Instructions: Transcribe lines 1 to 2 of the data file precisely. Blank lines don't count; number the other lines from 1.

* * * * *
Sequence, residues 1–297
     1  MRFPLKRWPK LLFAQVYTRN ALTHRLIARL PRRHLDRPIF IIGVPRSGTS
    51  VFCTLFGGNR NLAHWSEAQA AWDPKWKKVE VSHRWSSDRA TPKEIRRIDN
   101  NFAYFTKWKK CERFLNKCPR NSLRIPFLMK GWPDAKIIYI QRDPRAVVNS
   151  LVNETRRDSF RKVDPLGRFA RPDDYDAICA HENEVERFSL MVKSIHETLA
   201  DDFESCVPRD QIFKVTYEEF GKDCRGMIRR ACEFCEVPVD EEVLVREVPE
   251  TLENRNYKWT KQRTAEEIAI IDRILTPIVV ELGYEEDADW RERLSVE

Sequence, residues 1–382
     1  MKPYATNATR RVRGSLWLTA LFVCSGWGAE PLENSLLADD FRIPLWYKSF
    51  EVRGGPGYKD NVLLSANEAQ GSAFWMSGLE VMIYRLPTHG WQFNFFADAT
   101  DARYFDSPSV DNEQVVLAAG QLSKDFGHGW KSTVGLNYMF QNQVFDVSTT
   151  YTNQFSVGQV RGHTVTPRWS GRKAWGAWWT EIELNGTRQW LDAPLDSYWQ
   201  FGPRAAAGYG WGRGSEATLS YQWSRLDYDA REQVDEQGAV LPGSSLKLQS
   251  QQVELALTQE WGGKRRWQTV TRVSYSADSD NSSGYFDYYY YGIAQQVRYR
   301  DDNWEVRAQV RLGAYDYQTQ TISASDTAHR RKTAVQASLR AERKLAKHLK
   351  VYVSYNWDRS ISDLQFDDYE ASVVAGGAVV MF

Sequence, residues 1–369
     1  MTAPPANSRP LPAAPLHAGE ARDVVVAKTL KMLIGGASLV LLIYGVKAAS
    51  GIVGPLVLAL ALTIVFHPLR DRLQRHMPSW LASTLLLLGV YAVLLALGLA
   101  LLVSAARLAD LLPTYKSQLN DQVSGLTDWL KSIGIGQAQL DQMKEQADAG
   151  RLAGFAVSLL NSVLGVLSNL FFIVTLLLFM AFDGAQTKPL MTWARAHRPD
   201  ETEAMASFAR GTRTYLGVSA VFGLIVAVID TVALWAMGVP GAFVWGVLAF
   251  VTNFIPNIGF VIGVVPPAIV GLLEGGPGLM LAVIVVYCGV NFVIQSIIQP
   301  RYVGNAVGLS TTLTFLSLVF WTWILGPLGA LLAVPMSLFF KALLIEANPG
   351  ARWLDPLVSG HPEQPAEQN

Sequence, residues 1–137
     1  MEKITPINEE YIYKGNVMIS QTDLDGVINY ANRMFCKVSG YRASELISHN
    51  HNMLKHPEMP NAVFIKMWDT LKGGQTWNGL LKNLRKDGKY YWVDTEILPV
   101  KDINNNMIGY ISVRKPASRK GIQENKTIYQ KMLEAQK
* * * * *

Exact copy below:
Sequence, residues 1–297
     1  MRFPLKRWPK LLFAQVYTRN ALTHRLIARL PRRHLDRPIF IIGVPRSGTS